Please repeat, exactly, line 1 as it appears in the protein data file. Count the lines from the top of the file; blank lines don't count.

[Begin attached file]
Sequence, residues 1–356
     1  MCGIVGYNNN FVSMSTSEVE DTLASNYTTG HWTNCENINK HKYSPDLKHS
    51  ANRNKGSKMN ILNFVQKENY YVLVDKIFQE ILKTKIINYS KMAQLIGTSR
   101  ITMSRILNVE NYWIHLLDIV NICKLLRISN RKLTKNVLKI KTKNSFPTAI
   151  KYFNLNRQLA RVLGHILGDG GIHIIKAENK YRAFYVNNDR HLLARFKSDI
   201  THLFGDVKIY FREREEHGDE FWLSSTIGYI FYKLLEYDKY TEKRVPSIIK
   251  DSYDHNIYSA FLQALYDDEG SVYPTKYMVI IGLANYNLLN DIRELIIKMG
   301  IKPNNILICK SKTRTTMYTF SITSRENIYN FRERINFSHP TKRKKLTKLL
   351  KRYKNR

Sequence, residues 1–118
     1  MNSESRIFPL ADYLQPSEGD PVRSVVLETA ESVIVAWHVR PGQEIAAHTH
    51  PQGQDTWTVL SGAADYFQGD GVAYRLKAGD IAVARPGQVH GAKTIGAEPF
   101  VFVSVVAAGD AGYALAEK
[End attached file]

Sequence, residues 1–356